/ Modified oct 1, 2021 11:02 p.m.

As court ruling allows Biden administration to continue Title 42, families still seek asylum in Nogales

A federal appeals court ruled Thursday to allow the Biden administration to continue using Title 42 to rapidly deport families at the U.S.-Mexico border.

kino border initiative protest HERO Migrants, advocates and faith leaders gather on both sides of the border wall in Nogales to read out the names of families seeking asylum and give testimonies.
Alisa Reznick/AZPM

A federal appeals court has ruled to allow the Biden administration to continue applying the pandemic-era protocol, Title 42, to migrant families at the U.S.-Mexico border. As that battle plays out in court, families at the border in Arizona are still trying to make their case for asylum.

Title 42 was enacted under the Trump administration at the onset of the pandemic last year and allows Border Patrol agents to rapidly deport almost all migrants apprehended along the border. The practice has come under fire because it makes it harder to apply for asylum, but Biden has continued to use it on some families and almost all single adults.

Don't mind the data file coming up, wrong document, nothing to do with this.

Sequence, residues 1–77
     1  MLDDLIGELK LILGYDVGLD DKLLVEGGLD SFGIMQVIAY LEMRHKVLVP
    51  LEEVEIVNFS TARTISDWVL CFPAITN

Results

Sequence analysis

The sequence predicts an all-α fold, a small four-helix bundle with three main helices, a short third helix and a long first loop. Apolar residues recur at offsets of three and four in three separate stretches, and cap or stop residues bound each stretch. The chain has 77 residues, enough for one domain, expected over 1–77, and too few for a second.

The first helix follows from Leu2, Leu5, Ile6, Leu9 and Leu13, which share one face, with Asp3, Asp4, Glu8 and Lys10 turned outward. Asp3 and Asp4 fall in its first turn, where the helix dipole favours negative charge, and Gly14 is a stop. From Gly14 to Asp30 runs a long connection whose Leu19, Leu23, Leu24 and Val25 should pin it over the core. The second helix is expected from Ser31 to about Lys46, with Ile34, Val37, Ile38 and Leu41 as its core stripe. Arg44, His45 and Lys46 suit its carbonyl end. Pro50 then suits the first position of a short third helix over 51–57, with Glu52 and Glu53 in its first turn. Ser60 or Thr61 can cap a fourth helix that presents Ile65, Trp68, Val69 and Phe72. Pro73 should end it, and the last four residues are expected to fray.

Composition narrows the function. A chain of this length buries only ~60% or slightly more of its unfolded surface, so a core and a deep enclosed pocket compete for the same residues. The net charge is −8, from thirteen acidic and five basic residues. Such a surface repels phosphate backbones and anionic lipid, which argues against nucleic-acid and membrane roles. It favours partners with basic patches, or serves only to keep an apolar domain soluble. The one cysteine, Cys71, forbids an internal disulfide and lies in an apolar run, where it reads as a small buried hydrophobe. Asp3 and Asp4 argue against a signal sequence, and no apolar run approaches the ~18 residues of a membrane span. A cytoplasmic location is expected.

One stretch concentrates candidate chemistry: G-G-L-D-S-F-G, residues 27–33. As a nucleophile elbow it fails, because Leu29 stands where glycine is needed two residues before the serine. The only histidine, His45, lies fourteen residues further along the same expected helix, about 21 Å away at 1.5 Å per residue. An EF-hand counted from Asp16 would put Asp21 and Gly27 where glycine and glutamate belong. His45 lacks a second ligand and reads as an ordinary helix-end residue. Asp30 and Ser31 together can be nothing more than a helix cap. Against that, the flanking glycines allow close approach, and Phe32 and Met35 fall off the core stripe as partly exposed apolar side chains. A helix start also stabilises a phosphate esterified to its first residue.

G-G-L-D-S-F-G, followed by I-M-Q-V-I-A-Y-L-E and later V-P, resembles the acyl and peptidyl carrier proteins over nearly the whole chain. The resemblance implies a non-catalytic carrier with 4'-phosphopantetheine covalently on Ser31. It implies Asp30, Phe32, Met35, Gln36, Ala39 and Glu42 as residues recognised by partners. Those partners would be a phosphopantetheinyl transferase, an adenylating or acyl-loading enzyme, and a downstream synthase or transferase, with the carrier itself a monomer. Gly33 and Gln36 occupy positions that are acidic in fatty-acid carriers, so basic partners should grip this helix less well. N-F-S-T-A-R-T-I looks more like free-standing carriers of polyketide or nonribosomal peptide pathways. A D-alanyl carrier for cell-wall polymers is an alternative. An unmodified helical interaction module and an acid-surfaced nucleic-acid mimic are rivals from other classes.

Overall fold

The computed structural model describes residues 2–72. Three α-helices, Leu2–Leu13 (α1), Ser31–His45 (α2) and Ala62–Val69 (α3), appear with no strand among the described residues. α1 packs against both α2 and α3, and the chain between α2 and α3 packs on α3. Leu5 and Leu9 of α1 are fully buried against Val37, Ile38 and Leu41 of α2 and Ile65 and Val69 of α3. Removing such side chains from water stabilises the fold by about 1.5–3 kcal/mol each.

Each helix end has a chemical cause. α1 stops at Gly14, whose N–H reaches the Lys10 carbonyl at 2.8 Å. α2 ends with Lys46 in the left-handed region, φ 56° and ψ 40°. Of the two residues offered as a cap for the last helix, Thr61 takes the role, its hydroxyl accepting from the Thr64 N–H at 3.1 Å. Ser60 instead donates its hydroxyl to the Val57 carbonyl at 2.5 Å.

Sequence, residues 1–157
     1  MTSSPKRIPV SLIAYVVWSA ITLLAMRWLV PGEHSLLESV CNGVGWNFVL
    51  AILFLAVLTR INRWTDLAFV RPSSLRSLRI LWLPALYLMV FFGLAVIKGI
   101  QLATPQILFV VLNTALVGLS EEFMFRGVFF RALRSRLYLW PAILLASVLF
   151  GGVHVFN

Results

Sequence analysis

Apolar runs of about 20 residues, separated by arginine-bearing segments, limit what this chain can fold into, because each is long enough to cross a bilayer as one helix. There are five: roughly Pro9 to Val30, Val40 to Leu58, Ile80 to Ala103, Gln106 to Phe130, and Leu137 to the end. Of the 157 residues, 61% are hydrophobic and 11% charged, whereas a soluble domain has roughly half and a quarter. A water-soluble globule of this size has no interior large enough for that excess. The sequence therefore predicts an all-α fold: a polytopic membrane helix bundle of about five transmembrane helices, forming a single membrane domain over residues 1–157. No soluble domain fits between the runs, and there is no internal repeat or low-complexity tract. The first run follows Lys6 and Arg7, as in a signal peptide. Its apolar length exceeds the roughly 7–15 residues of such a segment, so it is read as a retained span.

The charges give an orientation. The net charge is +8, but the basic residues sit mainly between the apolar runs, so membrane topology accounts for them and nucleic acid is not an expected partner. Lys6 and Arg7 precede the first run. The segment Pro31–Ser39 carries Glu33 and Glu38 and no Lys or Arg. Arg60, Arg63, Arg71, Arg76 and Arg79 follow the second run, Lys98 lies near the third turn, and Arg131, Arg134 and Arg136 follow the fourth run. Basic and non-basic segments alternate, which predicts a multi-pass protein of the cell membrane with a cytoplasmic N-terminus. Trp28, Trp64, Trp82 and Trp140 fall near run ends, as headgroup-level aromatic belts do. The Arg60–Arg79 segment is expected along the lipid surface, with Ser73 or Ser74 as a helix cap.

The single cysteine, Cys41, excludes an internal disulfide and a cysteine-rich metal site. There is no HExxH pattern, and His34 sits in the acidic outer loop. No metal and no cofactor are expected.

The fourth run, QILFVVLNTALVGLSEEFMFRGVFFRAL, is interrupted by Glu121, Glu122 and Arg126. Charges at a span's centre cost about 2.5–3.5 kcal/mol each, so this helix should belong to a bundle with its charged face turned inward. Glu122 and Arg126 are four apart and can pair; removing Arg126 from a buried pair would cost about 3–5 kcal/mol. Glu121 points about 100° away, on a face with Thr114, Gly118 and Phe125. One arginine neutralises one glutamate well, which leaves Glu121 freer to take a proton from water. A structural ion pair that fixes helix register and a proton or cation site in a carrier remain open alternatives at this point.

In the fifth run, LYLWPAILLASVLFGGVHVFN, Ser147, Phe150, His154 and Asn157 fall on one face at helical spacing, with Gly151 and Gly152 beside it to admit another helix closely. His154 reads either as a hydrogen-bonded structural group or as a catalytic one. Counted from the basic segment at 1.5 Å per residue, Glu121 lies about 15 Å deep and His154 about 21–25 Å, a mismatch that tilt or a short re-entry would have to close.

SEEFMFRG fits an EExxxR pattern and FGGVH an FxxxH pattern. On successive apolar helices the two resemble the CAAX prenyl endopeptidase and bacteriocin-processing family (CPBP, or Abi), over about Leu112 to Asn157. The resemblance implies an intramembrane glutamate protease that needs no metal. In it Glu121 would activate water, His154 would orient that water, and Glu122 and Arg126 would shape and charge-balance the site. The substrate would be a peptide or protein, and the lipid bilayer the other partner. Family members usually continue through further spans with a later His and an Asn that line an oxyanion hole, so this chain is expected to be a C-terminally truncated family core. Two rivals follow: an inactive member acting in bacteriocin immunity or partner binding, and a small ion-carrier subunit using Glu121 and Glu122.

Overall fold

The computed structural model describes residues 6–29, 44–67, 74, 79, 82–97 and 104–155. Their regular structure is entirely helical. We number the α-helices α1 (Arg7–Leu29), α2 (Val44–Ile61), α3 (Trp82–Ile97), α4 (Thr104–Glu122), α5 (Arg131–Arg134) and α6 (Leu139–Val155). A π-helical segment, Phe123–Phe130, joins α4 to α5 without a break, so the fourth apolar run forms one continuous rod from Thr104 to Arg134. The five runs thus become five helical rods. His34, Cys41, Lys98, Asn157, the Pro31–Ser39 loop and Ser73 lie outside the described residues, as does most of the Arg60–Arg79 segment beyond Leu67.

Thursday’s decision is the latest in a lengthy legal battle the ACLU has mounted against the policy. A previous court ruled in the ACLU’s favor, and gave the government two weeks to stop using Title 42 on families. That was supposed to happen Thursday, but the new order eliminates that deadline.

Hundreds of migrants and advocates rallied on both sides of the border in Nogales last weekend, asking the Biden administration to restore access to asylum. More than two dozen families planned to approach the port with their asylum paperwork, negative COVID tests and vaccine cards in hand.

But Customs and Border Protection closed the port temporarily after the first family tried to enter. Each of the families were turned away over the next few hours.

Migrants have continued to mount protests against the policy since then. Videos shared with Arizona Public Media show dozens of people holding banners and signs during demonstrations in a plaza near the port in Nogales, Sonora. Other videos show more families trying to approach the port with lawyers, only to have the gate closed again.

Carlota is a Mexican mother from Guerrero who gave a pseudonym because she’s worried speaking could affect her chances for asylum. Speaking from one of the demonstrations on Friday, she said families like hers will keep trying to get traction for their cases at the port.

"Many people support us," she said in Spanish. In the background, car horns beeped and people cheered in recognition.

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